NEW YORK — The news from Polo Ralph Lauren Corp. just keeps getting better.
The fashion house on Wednesday reported a 31.5 percent gain in net income in the second quarter ended Sept. 30 to $137 million, or $1.28 a diluted share, on a 13.6 percent increase in revenues to $1.17 billion. Polo also upped its full-year earnings guidance and said it was making a $9 million acquisition of its belts and small leather goods license.
Shares of the company soared on the quarterly report, jumping 6.4 percent to $76.12, which is a new 52-week high.
“We are one of the healthiest and fastest-growing fashion luxury businesses today,” Ralph Lauren, chairman and chief executive officer, said in a statement. “The key to our continued success is our focus, whether it is product and/or how we operate our business. And our growth comes from our commitment to consistency that stays true to a single point of view.
“We are a very strong company that has been built on quality with a long-term view. It is never of the moment. We have built a powerful business because we are connected, in vision, in fashion and in how we run the company,” Lauren added.
The results compare with net income of $104.2 million, or 97 cents, in the same year-ago period, and beat Wall Street estimates by 22 cents. Analysts were expecting earnings per share in the second quarter of $1.06. Revenues for the corresponding period a year earlier were $1.03 billion.
For the six months, net income gained 40.2 percent to $217.2 million, or $2.02 a share, from $154.9 million, or $1.46, last year. Revenues rose 19.2 percent to $2.12 billion from $1.78 billion, which included a 25.8 percent gain in wholesale sales to $1.15 billion and a 15.1 percent rise in retail sales to $856.7 million.
Wholesale sales increased 14.3 percent to $659.9 million from $577.5 million, while retail sales gained 14.8 percent to $444.6 million from $387.2 million. Excluding the effect of the company’s Polo Jeans acquisition, wholesale revenues increased 6 percent. As for retail sales, comps rose 9.3 percent in the quarter. By segment, same-store sales increased 15.9 percent at Club Monaco stores, 9.6 percent at Ralph Lauren stores and 8.4 percent in its factory stores. Polo.com sales grew 35 percent versus a year ago.
“It was obviously an outstanding quarter in the first six months by any measure,” Roger Farah, president and chief operating officer, said during a conference call to Wall Street analysts. “I think Ralph really said it best [in his statement] when he talked about our company strength being our clarity and focus. We have a world-class team at Polo that is focused on common objectives. We are very clear on who our customer is, and all of our products and all of our brands are focused on that customer and our channels of distribution are positioned to service those customers.”
Farah credited some of the financial success of the company to its ability to leverage its shared expense model. He added that much of the incremental sales are flowing through to the bottom line. Regarding Polo’s retail operation, the company is planning to add more stores in the next three to five years.
In a telephone interview, Farah said, “We’ve done an extensive analysis of 65 markets in Europe for potential Ralph Lauren stores, and we’ve narrowed the focus to 18 key markets.” He cautioned that because of the difficulties in procuring real estate in Europe, it could take several years to get the right sites.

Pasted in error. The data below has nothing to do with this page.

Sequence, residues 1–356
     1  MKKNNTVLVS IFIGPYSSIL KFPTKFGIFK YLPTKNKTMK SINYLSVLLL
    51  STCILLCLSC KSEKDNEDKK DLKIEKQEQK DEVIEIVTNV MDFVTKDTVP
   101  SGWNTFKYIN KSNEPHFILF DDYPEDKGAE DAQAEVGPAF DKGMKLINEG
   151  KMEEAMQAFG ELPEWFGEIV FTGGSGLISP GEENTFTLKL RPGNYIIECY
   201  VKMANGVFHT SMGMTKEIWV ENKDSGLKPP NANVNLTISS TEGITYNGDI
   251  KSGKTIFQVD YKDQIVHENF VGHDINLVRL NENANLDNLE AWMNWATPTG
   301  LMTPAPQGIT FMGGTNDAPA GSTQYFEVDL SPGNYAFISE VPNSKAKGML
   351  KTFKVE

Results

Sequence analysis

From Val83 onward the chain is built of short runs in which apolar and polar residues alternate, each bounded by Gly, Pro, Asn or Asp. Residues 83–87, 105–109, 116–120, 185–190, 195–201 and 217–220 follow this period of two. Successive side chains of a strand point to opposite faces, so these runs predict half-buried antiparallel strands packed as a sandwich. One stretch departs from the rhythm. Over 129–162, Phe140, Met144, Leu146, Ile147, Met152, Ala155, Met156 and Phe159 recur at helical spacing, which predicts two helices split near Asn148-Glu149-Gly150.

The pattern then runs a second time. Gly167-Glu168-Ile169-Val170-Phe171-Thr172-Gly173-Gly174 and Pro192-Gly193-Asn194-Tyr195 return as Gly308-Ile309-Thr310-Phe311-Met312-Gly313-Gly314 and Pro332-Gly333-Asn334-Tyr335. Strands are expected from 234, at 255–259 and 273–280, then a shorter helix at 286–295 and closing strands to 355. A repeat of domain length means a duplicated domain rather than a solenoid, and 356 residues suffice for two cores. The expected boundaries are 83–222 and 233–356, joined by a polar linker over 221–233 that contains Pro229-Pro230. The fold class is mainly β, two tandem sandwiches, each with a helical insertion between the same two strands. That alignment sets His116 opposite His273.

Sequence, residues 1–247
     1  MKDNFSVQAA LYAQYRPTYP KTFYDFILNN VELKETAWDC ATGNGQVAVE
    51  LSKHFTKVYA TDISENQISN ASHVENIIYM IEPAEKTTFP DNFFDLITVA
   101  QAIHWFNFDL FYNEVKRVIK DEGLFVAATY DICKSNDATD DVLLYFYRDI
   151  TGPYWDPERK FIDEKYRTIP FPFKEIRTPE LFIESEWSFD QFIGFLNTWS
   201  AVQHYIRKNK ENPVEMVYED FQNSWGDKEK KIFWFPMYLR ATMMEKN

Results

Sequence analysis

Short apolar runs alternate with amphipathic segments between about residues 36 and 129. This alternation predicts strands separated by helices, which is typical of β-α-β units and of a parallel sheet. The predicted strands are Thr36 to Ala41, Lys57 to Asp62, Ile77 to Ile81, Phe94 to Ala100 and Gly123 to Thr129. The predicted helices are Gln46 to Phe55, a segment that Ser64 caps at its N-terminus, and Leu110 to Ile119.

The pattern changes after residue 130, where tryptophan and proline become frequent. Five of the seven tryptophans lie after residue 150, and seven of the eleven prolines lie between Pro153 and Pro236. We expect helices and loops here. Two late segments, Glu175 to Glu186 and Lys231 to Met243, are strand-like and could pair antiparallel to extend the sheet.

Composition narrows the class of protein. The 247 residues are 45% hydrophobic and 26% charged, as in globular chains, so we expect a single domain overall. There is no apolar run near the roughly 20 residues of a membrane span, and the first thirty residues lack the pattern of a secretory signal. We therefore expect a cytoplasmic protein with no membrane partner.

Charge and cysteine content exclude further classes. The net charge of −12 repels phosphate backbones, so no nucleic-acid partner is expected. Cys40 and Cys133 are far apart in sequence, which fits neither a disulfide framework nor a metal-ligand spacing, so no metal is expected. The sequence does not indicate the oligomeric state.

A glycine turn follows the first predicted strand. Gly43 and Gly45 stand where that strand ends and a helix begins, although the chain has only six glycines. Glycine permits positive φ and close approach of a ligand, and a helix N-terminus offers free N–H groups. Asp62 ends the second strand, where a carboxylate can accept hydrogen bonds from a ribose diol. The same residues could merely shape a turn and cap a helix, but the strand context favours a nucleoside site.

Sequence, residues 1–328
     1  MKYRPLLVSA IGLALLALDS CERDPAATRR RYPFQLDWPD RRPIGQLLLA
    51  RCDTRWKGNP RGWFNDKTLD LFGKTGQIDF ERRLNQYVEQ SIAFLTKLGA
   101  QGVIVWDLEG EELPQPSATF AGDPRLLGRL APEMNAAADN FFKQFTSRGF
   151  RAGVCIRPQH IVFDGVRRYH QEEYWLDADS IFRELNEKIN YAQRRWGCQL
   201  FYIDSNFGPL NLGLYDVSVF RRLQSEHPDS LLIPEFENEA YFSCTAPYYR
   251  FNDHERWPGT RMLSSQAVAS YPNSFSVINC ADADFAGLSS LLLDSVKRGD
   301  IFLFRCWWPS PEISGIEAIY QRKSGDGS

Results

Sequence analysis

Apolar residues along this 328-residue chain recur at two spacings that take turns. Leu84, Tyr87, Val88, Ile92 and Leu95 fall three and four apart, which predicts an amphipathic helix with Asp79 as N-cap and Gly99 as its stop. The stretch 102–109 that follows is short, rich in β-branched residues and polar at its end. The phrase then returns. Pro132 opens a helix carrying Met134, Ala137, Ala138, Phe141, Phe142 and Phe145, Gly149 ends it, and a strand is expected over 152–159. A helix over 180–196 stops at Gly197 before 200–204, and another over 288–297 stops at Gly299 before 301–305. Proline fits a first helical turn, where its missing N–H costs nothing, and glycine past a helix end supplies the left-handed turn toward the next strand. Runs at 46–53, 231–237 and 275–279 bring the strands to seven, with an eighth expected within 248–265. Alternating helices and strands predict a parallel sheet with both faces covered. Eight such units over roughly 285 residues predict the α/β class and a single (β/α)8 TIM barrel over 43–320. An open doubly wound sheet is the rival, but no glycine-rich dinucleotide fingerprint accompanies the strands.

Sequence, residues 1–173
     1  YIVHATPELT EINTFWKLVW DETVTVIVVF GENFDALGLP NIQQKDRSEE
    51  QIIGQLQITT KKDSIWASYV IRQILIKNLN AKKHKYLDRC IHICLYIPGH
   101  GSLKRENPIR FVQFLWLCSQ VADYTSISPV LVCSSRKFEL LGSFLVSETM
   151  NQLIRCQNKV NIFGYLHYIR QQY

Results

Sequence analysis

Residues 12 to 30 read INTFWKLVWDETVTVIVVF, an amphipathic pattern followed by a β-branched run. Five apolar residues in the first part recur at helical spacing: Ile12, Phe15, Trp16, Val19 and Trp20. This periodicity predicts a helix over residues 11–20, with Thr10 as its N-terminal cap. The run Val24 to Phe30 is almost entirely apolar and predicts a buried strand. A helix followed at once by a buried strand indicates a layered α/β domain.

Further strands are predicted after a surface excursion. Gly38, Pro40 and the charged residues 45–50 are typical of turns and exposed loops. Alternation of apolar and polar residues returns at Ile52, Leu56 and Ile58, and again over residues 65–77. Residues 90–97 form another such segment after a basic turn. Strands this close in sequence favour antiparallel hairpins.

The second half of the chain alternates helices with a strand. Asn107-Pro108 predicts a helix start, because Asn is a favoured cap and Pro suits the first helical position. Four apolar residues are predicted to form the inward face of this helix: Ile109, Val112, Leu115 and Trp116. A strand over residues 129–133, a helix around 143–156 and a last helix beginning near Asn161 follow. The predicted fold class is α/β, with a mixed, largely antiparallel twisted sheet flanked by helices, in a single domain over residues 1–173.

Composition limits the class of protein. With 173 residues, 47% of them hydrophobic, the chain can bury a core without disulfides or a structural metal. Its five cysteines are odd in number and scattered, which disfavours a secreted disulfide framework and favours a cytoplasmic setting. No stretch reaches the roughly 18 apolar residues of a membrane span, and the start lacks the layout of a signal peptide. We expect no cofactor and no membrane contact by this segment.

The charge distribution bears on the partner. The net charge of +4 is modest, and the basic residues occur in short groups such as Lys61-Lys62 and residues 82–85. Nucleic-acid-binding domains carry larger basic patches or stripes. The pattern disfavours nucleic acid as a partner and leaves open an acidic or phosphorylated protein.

Farah said with only 13 freestanding Ralph Lauren stores in Europe, the initial focus would be to increase that retail brand. However, Farah noted there are increasing opportunities for the sale of derivative merchandise at freestanding stores, and cited the children’s store on Bond Street in London as an example.
The acquisition of the belt and small leather goods licensee New Campaign Inc. from Kellwood Co. is expected to close by March 31. Kellwood’s New Campaign division produces Polo, Ralph Lauren, Lauren and Chaps belts and small leather goods for men and women. Kellwood will provide Polo with transition services for up to one year following the close of the transaction.
Farah said completing the purchase of New Campaign, a “North American license,” would leave just one domestic license with Wathne for handbags that Polo doesn’t own. Farah emphasized there are no plans to acquire Polo’s handbag license.
Handbags were one of the highlights of the holiday season last year. This year, Farah said, “I think we’ll have a pretty solid holiday season. The economy is pretty stable and consumers are spending when they want something.”
Farah said he expects luxury products such as apparel for high-end gift-giving this year. He also said children’s merchandise should be strong for the company.
One other segment the company is looking forward to is the launch of the denim lines for Lauren and Polo. “The customer reaction has been terrific,” Farah said. “The retailers have seen it and placed their orders for spring, and they are now reacting to summer. The deliveries will be in late January and early February. We’re encouraged.”
The plan is to have the denim offerings in areas adjacent to the parent merchandise, such as Lauren denim next to the Lauren floor sets.
“Polo is a debt-free company that is able to take advantage of opportunities….The company is in a class of its own, and we believe the company’s goal of balancing out the revenue between Europe, Asia and the U.S. will further add to the stability of Polo’s anticipated growth trajectory,” Jennifer Black of Jennifer Black & Associates wrote in a research note.
The company projected consolidated revenue growth for the third quarter to be low double digits, reflecting low-double-digit percent growth for both retail and wholesale. For the year ending March 31, Polo is expecting an EPS in the range of $3.50 to $3.60, up from prior guidance of $3.25 to $3.35.